social media, marketing, social media marketing

Marketing 101 – Be authentic. Thanks for reading, see you next time!

I’m sorry, you already knew that? Of course you did! Being authentic is a base tenet of effective marketing that has existed since the first caveman sold a rock to another caveman. But something that lesser marketing people spent too much time thinking about pre-pandemic was artificial authenticity or manufactured authenticity. The best analogy I can think of is the “How Do You Do Fellow Kids” meme where Steve Buscemi is dressed like a stereotypical teen and speaking to high school kids trying to fit in to sell to them. 

Post pandemic consumers are especially discerning when it comes to advertising of products and the companies who produce those products. Being truly authentic isn’t really a trick or a tip, but we’re going to go over three points that help show why it’s so important.


While authenticity has always been important, it cannot be overstated how expected it is by post pandemic consumers. Companies in general are being judged, sometimes very harshly, for how they have responded to Covid-19, how they’ve treated their employees, and how they have supported their communities. Many companies who were leaders in the authenticity game, like Apple and Hershey’s, found themselves wanting as their messages suddenly felt dated.*2

As a business owner you have the opportunity to show off your company culture and how it applies to your workforce and your buyers. This doesn’t need to be an extraordinary display or charity or even an acknowledgement of current political issues, but consumers want to know that you are more than a product on the shelf. This can manifest in many different ways, and examples of that can be found in companies like Subaru and Tom’s Shoes who combine purchase of products with philanthropy, or young companies like Panda Mony Toy Brands who maintain a fan club that produces free materials that are mailed to members monthly. The point is that a company that shows it cares for its customers, either overtly or subtly, has the advantage in today’s market. 


Nobody likes to be sold to. The consumer likes to feel like they are making the decision to purchase your product. This is nothing new. However public tastes have changed in the world of advertising. According to 2020 Edelman Trust Barometer*8 consumers are seeking out compassionate factual advertising. 69% of survey respondents said that they would actively avoid buying from a company that seemed to put profits over people. That’s a big number.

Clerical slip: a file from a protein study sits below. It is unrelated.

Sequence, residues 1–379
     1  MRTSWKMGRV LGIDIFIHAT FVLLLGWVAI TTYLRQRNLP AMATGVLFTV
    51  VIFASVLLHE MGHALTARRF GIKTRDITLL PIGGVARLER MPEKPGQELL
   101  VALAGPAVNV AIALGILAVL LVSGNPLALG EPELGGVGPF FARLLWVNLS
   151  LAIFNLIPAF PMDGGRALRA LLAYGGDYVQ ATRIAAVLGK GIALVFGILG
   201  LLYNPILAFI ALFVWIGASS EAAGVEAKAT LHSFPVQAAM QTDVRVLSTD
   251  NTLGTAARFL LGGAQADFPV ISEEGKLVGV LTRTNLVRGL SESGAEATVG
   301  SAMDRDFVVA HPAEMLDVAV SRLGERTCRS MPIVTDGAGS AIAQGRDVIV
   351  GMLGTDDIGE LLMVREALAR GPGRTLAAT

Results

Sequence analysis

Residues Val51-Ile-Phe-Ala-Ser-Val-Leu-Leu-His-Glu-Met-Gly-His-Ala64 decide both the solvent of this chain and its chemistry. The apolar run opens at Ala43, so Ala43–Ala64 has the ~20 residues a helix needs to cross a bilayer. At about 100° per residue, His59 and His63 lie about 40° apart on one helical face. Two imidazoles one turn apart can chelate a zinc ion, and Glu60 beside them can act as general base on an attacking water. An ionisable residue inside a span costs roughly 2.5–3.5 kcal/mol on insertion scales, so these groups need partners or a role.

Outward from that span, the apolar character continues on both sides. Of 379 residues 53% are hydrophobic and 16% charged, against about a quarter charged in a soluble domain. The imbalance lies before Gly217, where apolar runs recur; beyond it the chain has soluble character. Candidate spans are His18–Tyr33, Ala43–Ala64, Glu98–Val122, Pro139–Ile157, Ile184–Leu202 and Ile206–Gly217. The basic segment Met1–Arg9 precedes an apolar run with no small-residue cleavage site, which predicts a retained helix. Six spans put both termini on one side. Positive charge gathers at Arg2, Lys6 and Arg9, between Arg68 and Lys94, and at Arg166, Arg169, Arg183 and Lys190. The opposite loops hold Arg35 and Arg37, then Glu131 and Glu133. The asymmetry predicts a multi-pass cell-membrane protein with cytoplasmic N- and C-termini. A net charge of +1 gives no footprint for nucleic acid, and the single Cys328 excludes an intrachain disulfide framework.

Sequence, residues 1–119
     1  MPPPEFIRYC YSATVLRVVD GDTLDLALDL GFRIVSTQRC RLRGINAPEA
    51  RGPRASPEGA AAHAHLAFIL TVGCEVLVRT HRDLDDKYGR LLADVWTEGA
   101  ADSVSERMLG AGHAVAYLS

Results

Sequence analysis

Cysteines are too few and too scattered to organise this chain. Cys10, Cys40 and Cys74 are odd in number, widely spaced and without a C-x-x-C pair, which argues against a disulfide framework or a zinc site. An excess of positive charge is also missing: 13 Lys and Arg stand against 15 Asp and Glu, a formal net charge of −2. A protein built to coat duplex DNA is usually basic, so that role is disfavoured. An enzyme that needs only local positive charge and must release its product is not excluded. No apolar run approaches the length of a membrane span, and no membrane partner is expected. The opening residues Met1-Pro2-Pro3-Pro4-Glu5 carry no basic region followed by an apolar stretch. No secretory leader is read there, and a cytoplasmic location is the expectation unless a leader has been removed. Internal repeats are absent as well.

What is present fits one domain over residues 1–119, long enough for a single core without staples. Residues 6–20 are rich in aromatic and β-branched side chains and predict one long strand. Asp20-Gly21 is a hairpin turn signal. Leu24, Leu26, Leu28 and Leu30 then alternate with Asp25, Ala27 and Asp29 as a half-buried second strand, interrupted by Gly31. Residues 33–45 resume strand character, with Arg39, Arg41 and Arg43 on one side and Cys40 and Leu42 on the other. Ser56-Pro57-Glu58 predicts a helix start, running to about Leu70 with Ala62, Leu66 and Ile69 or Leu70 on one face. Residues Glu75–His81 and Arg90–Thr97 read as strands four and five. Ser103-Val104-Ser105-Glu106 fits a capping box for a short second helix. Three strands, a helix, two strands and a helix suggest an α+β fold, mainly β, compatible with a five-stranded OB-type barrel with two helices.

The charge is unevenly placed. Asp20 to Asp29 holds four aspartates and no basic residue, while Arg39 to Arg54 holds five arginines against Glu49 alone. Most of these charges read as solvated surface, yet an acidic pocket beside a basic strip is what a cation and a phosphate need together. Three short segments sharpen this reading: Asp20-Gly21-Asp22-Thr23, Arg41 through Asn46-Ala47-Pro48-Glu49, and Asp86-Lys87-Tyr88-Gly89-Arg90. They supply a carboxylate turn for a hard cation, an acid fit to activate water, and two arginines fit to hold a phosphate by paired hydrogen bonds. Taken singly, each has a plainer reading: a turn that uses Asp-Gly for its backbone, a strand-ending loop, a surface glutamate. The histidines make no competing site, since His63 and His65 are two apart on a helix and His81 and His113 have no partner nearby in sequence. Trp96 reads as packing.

And what that looks like to people has changed as well. Now slick commercial productions look out of place and “expensive.” In a world where we are all on teleconferencing and have the kitchen in the background as the kids play, seeing two people in an office on TV seems out of touch. Things that look like they are made at home or seem more like a YouTube video get a higher level of trust. Fajen Consulting put it best:

“Think of it as an evolution from highly perfected Kardashians to home-grown Jimmy Fallon monologues produced in his kitchen. Consumers want strong brands but one where your surface isn’t epoxied. Be authentic –  as soft and squishy as the rest of the world’s surface truly is right now.”*2

This is especially useful for small to midsize companies that were never in a position to do big, slick productions in the first place. Now simple, easier to produce messages are most effective. The ability to distribute that message using social media and video platforms like YouTube and TikTok puts you in the same weight class as multinational corporations. Be sincere in your messaging and don’t worry about that camera crew or expensive spokesperson.


The pandemic highlighted several things that were immediately required for most of the working public and students. In this particular case we can look to companies like Zoom who relaxed their subscriptions and time limits to allow people to work and do school from home. This translated to a significantly stronger market position than they had at the beginning of 2020, even facing major players like Microsoft Teams and Google Meet. While the pandemic absolutely shined a light on great examples like this, it’s important to realize that the idea of being a problem solver in the post-pandemic world will be equally important.

As much as the U.S. is opening back up, we’re still facing an economic struggle. As much as people are ready to “get back to normal” the underlying financial infrastructure of the country is not there yet. This means that any marketing you do will need to be done with the emotional intelligence to recognize the issues that your customer may be facing. This doesn’t mean heartfelt “we are thinking of you” messages (although if that’s appropriate for your brand don’t hesitate to say it), instead think of creative ways that you can help solve those problems. 

You might want to have a sale on your most essential products or services, or allow payment plans when you didn’t before. Maybe there’s an introductory class that you can offer that is valuable, but doesn’t give away the farm. As a business and brand you always want to consider your positioning and message, and the current state of the post-pandemic world is a great time to do that.

I hope these suggestions help. It’s very important to remember that whatever you do needs to be seated in the core values of the company. Modern consumers are savvy and can smell manufactured authenticity a mile away. Stick to your ideals and don’t be afraid to share. Your like minded consumers are out there and ready. If you are looking for useful suggestions and ways to implement your message, let us know. We’re here to help and guide you into this post pandemic marketplace.



  1. The Oklahoman
  2. Fajen Consulting
  3. People Matters Global
  4. McKinsey & Co.
  5. IBM
  6. CEO Today
  7. Fresh Business
  8. 2020 Edelman Trust Barometer